Concurrency for Hash Tables

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Hash tables, also known as unordered associative maps, are efficient data structures that should be discussed as part of any introductory data structures course or book.Given the importance of parallel programming these days, understanding how to have efficient concurrent use of our data structures is especially relevant.

Intel Threading Building Blocks (TBB) has been a key source for a highly concurrent hash table for this past decade. The TBB open source project’s home is https://www.threadingbuildingblocks.org.

Concurrency and Hash Tables

Like any data structure, when used with parallel programming we need to consider issues related to concurrent access. A simple solution with any data structure is to forbid concurrent access. This is done by having some form of mutual exclusion (usually done with a “lock,” commonly known as a “mutex”). The problem with mutual exclusion is that it tends to limit performance in a parallel program, because it leads to stalling if the data structure is heavily used. Therefore, we need something better than the simple solution.

Since hash tables often represent significant amounts of information in an application, they are used heavily enough to warrant consideration for efficient concurrent access.

Hardware vs. Software Solutions

Software solutions to give greater concurrency for hash tables make use of the fact that hash tables are generally quite large. This means the likelihood that concurrent uses actually touch the same part of a hash table is low. Instead of having mutual exclusion cover the entire hash table, it is possible to divide the hash table into smaller regions and lock only the affected region for a given update. With such a scheme, accesses from different threads can read or write different parts of a table concurrently. The potential for conflicts remains, but the occurrence of conflicts is greatly reduced with such a scheme.

More recently, research into transactional memory designs has encouraged support in hardware that can assist in these situations. Such support is also designed in anticipation that conflicts will occur in the context of a large data structure, such as hash table, but the occurrence of real collisions over accesses to the same memory locations will be minimal. About five years, ago, Intel introduced instructions known as Transactional Synchronization eXtensions (TSX).

Intel TBB implements hash tables, also known as unordered associative maps, which will use the appropriate combination of software and hardware support automatically based on the capabilities of the processor being used. This is done automatically when we use TBB.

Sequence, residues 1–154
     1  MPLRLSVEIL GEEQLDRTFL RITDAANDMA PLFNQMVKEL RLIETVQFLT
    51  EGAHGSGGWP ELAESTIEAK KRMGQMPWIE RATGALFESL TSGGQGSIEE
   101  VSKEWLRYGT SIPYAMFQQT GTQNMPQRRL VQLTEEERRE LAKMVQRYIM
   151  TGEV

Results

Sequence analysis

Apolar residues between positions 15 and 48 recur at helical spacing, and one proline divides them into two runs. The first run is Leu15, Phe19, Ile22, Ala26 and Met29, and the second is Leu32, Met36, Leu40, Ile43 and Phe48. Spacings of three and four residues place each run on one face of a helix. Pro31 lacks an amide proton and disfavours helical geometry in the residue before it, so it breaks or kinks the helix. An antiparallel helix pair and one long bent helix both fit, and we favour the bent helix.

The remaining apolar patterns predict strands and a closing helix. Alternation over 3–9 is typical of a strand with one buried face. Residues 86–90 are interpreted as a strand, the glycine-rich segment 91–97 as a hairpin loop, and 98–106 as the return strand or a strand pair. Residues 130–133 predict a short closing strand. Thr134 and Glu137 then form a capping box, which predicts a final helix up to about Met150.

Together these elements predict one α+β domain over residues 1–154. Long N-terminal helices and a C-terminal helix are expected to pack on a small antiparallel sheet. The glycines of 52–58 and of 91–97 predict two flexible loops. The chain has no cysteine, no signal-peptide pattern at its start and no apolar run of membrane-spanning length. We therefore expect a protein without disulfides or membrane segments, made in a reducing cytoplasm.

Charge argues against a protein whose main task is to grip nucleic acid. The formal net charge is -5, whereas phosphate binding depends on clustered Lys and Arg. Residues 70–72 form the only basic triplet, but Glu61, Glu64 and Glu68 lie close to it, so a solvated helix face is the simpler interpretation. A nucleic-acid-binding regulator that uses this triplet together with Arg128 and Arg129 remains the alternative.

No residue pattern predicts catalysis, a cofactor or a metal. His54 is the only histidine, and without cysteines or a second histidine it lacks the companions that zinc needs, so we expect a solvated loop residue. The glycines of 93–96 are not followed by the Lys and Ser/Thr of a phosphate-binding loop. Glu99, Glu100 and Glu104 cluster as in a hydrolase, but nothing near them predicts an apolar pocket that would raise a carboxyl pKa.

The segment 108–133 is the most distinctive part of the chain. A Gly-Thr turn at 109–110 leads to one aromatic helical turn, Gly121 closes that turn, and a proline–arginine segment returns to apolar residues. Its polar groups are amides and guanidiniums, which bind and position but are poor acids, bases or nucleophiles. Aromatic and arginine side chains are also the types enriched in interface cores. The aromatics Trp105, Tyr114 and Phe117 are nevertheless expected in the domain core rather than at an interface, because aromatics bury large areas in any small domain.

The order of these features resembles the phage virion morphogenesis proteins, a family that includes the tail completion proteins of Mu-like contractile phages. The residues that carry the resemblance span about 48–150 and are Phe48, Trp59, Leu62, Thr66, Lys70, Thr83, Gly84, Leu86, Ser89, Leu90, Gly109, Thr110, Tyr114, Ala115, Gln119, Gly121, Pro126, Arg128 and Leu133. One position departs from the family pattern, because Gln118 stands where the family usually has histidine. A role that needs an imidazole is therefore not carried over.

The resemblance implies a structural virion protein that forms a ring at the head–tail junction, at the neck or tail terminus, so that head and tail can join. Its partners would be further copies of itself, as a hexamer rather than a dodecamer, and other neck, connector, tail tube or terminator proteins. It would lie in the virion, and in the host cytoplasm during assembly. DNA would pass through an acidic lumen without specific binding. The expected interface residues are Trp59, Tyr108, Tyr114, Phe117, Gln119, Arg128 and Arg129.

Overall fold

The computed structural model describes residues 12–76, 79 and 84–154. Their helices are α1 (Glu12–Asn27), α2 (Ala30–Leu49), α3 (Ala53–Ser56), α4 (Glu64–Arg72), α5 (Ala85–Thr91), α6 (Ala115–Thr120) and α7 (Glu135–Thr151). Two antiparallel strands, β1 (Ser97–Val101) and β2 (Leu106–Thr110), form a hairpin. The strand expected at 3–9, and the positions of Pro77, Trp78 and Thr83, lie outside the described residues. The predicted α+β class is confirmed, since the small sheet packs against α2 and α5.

Illustrating Concurrency in a Hash Table

Let’s consider a simple hash table. Hash tables are used to map a key to a key and value pair in linear time. Two key operations are add (insert) and lookup (retrieve). Resizing and deletion are two additional operations of general interest.

Consider the following illustrated example with five incoming requests (in parallel). If no concurrent operations were allowed, each of the five operations shown would have to occur one at a time.

5hashtables JamesReindeers

Five hash table operations requested

Considering this example, three of the operations have no collisions with the other operations. Note that one of the operations was a lookup (read). Reads never need to wait for reads, but they do need to wait for a write (such as an add) to complete so that information that is read is complete.

The two operations that map to the same hash table entry must not do their updates concurrently. Whatever type of mutual exclusion is utilized, the contention over the same memory will need to be detected and problems avoided by staggering their updates.

Hash Table Interfaces: Three Choices

TBB defines unordered associative containers that have strong support for concurrency while meeting all of the Container Requirements of the ISO C++ standard. The original TBB interfaces predate C++11, so it has a historical hash function which remains quite valuable and did not need to change to match the standard. TBB has also added unordered_map and unordered_multimap support to mirror the C++11 additions, with the interfaces augmented or adjusted only as needed to support concurrent access.  This table summarizes the pros/cons of the interfaces available with TBB:

comparison Reindeers

Free and Easy Download

Providing for high performance when using a hash table is as easy as downloading and using the free and open source Intel TBB. It is available from Intel’s free library download site.

Useful links for more information

·       Intel Performance Libraries – free library download site

·       TBB online documentation: concurrent_hash_map template class

·       TBB online documentation: Concurrent Containers

·       Intel Threading Building Blocks Open Source Project home page

·       Coarse-grained locks and Transactional Synchronization explained

·       Intel ISA extensions, (see the Intel® Architecture Instruction Set Extensions Programming Reference for more information on Transactional Synchronization eXtensions (TSX)).


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